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The Iconic Mo: 8 Notorious 'Staches and the Stereotypes They've Inspired

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The popularity of the mustache has waxed (ahem) and waned over the last 100 years. The 'stache is definitely back in 2012, though it is not quite as widespread a follicular expression as in Victorian times. And it has taken a while to re-emerge as the PO-MO-MO (aka post-modern mustache)-a masculine, playful yet ambiguous form of male social performance.

Impediments to growth over time have included multiple negative historical associations and projections. In One Thousand Mustaches: A Cultural History of the Mo, I refer to these as "The Three F's." Particularly in North America, the man with lip lettuce was seen to be a Fop, Foreigner, or Fiend. We can add two more F's-for Fascist (war-mongerer) and "F-kster" (aka the libidinous porn-star, gay clone or wife-swapping swinger of the seventies). The average guy did not want to run the risk of having his face "mis-read" as any of the above, so he erred on the side of either clean-shavenness or full- beardedness.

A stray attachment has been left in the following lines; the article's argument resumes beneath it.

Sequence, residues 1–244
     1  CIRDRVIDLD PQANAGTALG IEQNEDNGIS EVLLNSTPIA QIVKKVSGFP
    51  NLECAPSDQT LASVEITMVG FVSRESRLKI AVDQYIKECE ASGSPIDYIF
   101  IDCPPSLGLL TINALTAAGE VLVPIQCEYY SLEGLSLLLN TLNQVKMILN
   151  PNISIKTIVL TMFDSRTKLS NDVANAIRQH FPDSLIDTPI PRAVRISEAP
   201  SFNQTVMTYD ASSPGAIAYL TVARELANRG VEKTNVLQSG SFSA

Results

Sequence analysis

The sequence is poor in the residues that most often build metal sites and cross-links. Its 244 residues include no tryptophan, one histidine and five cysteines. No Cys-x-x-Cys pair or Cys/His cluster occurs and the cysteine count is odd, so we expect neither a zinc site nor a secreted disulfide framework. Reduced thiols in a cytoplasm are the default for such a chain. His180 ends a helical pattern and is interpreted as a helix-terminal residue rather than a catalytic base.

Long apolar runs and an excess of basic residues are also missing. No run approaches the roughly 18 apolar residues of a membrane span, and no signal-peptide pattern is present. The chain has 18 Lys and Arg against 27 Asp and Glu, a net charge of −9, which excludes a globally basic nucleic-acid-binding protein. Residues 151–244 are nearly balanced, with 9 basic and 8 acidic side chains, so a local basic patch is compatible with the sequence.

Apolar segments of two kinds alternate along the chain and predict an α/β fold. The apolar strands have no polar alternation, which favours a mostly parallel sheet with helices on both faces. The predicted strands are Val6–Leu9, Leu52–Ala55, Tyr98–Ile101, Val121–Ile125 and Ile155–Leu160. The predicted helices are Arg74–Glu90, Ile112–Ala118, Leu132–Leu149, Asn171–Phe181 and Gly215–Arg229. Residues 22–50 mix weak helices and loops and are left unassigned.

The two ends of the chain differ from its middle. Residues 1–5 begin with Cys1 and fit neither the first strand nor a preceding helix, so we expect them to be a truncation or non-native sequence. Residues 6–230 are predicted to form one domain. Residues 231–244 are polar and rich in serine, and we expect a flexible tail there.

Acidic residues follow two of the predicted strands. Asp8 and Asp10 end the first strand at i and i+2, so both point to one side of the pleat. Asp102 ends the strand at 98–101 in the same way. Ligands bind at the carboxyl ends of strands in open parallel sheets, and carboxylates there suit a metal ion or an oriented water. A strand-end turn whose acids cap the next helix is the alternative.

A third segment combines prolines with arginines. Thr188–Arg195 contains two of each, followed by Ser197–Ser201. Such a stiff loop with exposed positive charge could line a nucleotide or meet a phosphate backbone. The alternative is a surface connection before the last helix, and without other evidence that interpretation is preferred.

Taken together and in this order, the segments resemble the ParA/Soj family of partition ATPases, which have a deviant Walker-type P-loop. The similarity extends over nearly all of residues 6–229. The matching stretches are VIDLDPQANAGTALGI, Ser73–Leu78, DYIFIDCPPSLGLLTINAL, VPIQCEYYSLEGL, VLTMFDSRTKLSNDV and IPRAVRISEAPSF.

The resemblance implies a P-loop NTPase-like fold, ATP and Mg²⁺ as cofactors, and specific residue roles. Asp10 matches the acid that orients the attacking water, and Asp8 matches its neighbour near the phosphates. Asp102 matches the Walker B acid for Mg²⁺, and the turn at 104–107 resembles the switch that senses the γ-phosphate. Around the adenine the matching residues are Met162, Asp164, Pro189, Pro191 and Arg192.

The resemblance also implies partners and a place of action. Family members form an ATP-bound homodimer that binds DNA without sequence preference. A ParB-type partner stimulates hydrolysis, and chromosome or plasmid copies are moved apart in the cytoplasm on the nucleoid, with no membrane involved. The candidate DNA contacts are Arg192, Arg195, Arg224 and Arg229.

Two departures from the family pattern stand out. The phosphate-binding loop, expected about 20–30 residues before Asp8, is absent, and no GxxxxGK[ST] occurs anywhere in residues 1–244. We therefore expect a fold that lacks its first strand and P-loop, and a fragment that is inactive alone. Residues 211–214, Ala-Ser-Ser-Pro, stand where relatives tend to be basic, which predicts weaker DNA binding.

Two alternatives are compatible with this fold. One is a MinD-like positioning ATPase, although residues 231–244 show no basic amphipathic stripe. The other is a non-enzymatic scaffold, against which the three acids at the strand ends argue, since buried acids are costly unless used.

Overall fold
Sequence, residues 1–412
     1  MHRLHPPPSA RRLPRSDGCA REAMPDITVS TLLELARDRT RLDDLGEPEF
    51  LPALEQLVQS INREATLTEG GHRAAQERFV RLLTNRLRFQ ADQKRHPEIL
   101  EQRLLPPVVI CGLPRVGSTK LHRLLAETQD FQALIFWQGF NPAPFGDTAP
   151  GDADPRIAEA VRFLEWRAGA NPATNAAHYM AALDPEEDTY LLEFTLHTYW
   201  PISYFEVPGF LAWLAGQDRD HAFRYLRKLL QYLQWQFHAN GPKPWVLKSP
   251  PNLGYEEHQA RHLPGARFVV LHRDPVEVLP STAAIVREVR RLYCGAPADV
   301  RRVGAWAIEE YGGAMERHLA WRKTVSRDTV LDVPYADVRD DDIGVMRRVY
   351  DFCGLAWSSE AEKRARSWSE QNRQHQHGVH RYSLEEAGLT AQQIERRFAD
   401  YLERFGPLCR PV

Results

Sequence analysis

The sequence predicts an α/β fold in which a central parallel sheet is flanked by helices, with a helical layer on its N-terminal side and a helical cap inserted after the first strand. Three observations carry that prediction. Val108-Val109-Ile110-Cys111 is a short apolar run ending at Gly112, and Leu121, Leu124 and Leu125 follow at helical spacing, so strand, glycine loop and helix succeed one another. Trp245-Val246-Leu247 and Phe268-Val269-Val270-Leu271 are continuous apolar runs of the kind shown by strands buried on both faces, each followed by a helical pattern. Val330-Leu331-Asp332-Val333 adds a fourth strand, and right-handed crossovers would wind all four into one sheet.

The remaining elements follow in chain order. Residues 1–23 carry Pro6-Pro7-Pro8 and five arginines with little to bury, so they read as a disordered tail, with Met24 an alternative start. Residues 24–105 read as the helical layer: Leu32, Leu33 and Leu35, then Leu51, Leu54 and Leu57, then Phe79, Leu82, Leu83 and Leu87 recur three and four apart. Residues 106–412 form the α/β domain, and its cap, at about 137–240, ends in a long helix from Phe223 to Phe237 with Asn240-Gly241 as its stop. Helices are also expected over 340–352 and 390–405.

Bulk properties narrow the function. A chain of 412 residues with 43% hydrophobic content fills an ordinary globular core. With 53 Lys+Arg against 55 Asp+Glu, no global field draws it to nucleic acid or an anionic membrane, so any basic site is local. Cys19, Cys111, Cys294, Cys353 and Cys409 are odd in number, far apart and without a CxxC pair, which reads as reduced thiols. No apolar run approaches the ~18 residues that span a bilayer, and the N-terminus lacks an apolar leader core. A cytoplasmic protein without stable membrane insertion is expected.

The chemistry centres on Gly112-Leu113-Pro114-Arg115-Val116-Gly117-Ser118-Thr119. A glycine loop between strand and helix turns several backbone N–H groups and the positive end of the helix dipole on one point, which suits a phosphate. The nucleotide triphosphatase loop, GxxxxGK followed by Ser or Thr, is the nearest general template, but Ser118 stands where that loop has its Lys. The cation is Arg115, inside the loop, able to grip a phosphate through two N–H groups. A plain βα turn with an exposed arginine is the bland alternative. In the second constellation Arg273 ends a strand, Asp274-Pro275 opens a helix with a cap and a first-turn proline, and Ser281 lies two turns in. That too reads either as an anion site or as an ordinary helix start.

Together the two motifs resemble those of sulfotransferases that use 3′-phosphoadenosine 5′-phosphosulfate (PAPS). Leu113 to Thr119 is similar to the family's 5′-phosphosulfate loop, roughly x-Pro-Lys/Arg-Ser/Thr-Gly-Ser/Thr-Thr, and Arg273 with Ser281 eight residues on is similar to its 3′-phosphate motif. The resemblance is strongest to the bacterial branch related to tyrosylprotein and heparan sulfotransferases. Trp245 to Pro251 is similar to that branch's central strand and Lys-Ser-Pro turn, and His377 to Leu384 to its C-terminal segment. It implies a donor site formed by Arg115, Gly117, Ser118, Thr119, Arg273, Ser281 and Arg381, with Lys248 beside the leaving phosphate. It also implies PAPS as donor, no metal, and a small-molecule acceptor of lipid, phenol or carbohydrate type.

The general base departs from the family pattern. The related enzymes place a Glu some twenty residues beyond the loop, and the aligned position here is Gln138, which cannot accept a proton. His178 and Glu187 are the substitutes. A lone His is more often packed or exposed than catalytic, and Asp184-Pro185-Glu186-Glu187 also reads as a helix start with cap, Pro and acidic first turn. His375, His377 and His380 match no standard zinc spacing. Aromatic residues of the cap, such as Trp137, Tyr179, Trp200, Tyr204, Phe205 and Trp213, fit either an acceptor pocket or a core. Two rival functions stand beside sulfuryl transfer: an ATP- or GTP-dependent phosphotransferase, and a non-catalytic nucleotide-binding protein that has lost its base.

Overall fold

Thanks to the goatee craze of the 90's (and the endless stubble, soul-patch, sideburn and mountain-man beard experiments that soon followed), and to charitable movements like MOVEMBER, it was only a matter of time before the final furry frontier would again be celebrated. That time is now!

So many mustache styles are iconic, transcending historical layers of negativity as they invoke nostalgia, whimsy, and unparalleled creativity and masculine elegance.

Here are eight classics:

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